56 F3d 72 Nyhan v. L Kernan

James E. NYHAN, Plaintiff-Appellee,
v.
Peggy L. KERNAN, Warden, Defendant-Appellant.

No. 94-16192.

United States Court of Appeals, Ninth Circuit.

Argued and Submitted May 12, 1995.
Decided June 2, 1995.

56 F.3d 72
NOTICE: Ninth Circuit Rule 36-3 provides that dispositions other than opinions or orders designated for publication are not precedential and should not be cited except when relevant under the doctrines of law of the case, res judicata, or collateral estoppel.

Appeal from the United States District Court for the Northern District of California, No. CV-92-03769-MHP; Marilyn H. Patel, District Judge, Presiding.

N.D.Cal.,

REVERSED.

Before: CUMMINGS,* SCHROEDER, and RYMER, Circuit Judges.

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1

MEMORANDUM**

2

California state prisoner James Edward Nyhan petitioned the district court pursuant to 28 U.S.C. Sec. 2254, challenging his conviction for second degree murder. He contended that the state court proceeding violated his due process rights because the trial court failed, sua sponte, to instruct the jury on an element of murder. The district court granted the petition and the state appeals. On appeal, the state correctly contends that the trial court did not fail to instruct the jury on an element of the charged offenses, but that the petitioner is instead seeking a retrial on a theory he raised for the first time on appeal in the state court and was there properly rejected. We reverse.

BACKGROUND

3

The victim, David Renison, was a drug dealer who went to Nyhan's home on March 1, 1988, to collect on a debt that Nyhan owed him as part of a drug deal. Nyhan was not at home when Renison arrived, so he entered Nyhan's unlocked home and waited with his girlfriend for Nyhan to return. Nyhan returned home at approximately 5 p.m. A fight ensued in the kitchen between the two men, neither of whom was armed. The two "wrestled around the kitchen" until Nyhan "got hit in the back of the head" and tumbled down the basement stairs.

4

In his own words, Nyhan lost his temper and grabbed a .22 gauge pump rifle as he climbed back up the stairs. Nyhan pointed the gun at Renison, ordering him out of the house. Renison grabbed a telephone off the counter, threw it at Nyhan and charged across the kitchen at him, whereupon Nyhan fired the gun several times at Renison, chasing him across the kitchen and onto the back porch.

5

Nyhan fired the first shot at Renison in the kitchen, hitting him in the abdomen. Nyhan continued shooting him as he ran out the back door. A neighbor, Gene Hurt, arrived at the scene and found Renison lying on his back with outstretched arms and blood around his feet. He testified that Nyhan was "in a rage" with blood dripping from his head, and that he stood over Renison aiming a gun at him. Hurt told Nyhan to "leave him alone" and went to call 911. When the police arrived, they observed Nyhan leaning over Renison; Nyhan was bleeding from a gash in his head, and Renison was covered by a blanket. A police officer asked what had happened. Renison said he had been shot, and Nyhan said "I shot him in the leg."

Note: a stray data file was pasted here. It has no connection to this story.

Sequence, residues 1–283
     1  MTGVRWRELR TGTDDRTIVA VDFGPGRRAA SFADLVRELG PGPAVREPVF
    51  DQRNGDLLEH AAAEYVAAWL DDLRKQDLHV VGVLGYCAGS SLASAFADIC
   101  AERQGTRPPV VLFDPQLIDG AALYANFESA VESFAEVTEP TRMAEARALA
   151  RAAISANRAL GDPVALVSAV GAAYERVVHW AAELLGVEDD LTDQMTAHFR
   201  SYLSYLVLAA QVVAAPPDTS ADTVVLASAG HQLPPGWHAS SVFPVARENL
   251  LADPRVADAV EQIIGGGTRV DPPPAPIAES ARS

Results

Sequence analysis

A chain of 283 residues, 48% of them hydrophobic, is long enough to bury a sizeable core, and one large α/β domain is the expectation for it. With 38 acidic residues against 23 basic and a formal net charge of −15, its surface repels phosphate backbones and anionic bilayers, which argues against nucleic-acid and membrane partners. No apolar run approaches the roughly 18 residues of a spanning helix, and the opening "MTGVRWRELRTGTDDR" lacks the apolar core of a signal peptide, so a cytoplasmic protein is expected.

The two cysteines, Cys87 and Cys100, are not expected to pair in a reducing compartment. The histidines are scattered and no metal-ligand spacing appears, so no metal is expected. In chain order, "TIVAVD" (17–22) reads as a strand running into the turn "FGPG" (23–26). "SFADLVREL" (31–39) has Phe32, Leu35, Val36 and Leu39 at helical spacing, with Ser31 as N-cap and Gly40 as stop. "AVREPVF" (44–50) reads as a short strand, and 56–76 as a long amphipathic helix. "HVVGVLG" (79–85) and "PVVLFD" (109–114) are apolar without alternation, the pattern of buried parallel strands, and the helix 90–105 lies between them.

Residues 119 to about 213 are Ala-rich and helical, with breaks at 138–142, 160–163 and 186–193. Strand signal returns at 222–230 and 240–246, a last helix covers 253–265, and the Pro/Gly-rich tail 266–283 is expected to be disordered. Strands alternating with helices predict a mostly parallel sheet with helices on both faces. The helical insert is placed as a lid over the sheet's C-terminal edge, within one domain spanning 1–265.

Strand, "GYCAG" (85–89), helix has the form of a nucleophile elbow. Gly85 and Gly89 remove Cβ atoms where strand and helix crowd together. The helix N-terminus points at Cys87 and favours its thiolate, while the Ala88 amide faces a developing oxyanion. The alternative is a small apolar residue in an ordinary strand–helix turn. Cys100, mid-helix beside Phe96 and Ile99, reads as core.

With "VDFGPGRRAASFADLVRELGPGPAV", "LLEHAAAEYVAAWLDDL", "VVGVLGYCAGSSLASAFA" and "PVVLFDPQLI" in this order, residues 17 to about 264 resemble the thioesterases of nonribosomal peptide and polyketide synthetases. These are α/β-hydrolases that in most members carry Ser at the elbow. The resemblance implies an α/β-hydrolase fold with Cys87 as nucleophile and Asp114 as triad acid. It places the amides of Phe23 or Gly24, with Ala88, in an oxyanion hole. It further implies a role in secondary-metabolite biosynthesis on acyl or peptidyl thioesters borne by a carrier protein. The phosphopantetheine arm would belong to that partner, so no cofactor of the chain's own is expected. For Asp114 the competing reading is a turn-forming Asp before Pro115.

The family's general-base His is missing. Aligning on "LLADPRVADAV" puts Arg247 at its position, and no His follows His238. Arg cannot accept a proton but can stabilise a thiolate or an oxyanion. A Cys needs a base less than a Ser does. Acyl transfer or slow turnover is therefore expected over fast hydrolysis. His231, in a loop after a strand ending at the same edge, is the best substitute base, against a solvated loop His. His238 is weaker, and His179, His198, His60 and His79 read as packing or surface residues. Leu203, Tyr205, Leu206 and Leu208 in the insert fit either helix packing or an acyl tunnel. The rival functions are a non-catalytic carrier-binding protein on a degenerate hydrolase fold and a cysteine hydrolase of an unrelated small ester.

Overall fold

6

The autopsy revealed that Nyhan died as a result of loss of over 2.0 liters of blood. The expert who performed the autopsy found that the mortal wound was the initial (abdominal) wound and that the other wounds would not have been life threatening.

7

Nyhan asserted imperfect self-defense as his trial defense. Defense counsel argued that Nyhan fired all the shots "in a flurry" and that he did not intend to kill because he was firing either in the heat of passion, as a result of the fight with the victim, or under the honest but mistaken belief that self-defense justified the use of deadly force. Counsel conceded at closing argument that Nyhan had no claim to reasonable self-defense and urged the jury to convict him of no more than manslaughter. The jury rejected the defense and convicted Nyhan of first-degree murder by torture in violation of Cal. Penal Code Sec. 187. He was sentenced to 25 years to life imprisonment on the murder charge.

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8

The jury was instructed pursuant to CALJIC Sec. 8.50, which provides in relevant part:

9

When the act causing the death, though unlawful, is done in the heat of passion, or is excited by a sudden quarrel such as amounts to adequate provocation, or in the honest, but unreasonable, belief in the need [for self defense] ... the offense is manslaughter [and] ... malice is absent.

10

To establish that a killing is murder and not manslaughter, the burden is on the people to prove ... that the act which caused the death was not done in the heat of passion or upon a sudden quarrel or in the honest, even though unreasonable, belief in the necessity to defend against imminent peril to life or grave bodily injury.